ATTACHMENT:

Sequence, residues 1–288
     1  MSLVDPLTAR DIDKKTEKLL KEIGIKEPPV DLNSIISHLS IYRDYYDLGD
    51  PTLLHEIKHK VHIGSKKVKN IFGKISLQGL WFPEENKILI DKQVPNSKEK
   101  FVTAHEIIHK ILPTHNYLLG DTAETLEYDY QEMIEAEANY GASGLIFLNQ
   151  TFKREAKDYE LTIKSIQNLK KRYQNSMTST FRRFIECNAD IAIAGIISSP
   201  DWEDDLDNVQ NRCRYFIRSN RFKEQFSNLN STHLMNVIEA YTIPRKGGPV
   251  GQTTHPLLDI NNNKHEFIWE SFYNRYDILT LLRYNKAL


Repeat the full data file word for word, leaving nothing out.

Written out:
Sequence, residues 1–288
     1  MSLVDPLTAR DIDKKTEKLL KEIGIKEPPV DLNSIISHLS IYRDYYDLGD
    51  PTLLHEIKHK VHIGSKKVKN IFGKISLQGL WFPEENKILI DKQVPNSKEK
   101  FVTAHEIIHK ILPTHNYLLG DTAETLEYDY QEMIEAEANY GASGLIFLNQ
   151  TFKREAKDYE LTIKSIQNLK KRYQNSMTST FRRFIECNAD IAIAGIISSP
   201  DWEDDLDNVQ NRCRYFIRSN RFKEQFSNLN STHLMNVIEA YTIPRKGGPV
   251  GQTTHPLLDI NNNKHEFIWE SFYNRYDILT LLRYNKAL